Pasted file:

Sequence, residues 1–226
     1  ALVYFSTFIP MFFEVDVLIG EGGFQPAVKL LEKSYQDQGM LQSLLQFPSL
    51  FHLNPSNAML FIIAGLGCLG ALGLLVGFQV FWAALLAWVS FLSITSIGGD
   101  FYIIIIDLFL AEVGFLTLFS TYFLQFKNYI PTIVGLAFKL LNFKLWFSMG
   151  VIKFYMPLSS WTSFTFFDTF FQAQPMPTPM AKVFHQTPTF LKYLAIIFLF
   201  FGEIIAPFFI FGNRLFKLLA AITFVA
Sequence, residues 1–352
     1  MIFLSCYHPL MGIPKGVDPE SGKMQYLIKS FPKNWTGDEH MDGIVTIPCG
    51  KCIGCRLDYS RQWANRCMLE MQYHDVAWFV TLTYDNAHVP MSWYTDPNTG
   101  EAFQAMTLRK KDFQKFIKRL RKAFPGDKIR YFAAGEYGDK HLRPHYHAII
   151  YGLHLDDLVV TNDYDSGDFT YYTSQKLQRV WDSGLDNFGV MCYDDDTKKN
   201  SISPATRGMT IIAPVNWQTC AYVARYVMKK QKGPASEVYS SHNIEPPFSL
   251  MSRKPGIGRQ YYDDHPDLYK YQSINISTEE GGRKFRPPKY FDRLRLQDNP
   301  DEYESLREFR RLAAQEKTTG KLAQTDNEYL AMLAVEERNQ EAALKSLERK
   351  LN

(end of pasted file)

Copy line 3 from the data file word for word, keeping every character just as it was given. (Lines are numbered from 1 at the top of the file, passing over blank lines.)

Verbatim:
    51  FHLNPSNAML FIIAGLGCLG ALGLLVGFQV FWAALLAWVS FLSITSIGGD